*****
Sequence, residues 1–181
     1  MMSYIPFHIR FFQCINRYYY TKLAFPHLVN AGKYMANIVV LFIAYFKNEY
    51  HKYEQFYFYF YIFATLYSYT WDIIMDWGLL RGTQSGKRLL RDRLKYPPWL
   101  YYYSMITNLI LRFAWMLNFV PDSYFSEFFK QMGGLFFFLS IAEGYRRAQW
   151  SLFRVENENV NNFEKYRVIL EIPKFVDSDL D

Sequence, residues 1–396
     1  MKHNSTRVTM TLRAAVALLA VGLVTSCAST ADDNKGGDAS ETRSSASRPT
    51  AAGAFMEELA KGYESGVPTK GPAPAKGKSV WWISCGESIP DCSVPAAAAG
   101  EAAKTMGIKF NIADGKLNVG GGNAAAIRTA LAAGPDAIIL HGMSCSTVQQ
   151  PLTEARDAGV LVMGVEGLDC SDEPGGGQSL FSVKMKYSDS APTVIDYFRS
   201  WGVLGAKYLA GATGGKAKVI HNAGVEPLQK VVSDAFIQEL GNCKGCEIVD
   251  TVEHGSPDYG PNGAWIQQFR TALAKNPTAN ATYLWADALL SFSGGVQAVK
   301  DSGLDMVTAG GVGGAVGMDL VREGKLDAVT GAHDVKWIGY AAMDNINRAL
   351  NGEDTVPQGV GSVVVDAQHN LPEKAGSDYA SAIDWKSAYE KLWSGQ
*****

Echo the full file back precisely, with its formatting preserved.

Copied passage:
Sequence, residues 1–181
     1  MMSYIPFHIR FFQCINRYYY TKLAFPHLVN AGKYMANIVV LFIAYFKNEY
    51  HKYEQFYFYF YIFATLYSYT WDIIMDWGLL RGTQSGKRLL RDRLKYPPWL
   101  YYYSMITNLI LRFAWMLNFV PDSYFSEFFK QMGGLFFFLS IAEGYRRAQW
   151  SLFRVENENV NNFEKYRVIL EIPKFVDSDL D

Sequence, residues 1–396
     1  MKHNSTRVTM TLRAAVALLA VGLVTSCAST ADDNKGGDAS ETRSSASRPT
    51  AAGAFMEELA KGYESGVPTK GPAPAKGKSV WWISCGESIP DCSVPAAAAG
   101  EAAKTMGIKF NIADGKLNVG GGNAAAIRTA LAAGPDAIIL HGMSCSTVQQ
   151  PLTEARDAGV LVMGVEGLDC SDEPGGGQSL FSVKMKYSDS APTVIDYFRS
   201  WGVLGAKYLA GATGGKAKVI HNAGVEPLQK VVSDAFIQEL GNCKGCEIVD
   251  TVEHGSPDYG PNGAWIQQFR TALAKNPTAN ATYLWADALL SFSGGVQAVK
   301  DSGLDMVTAG GVGGAVGMDL VREGKLDAVT GAHDVKWIGY AAMDNINRAL
   351  NGEDTVPQGV GSVVVDAQHN LPEKAGSDYA SAIDWKSAYE KLWSGQ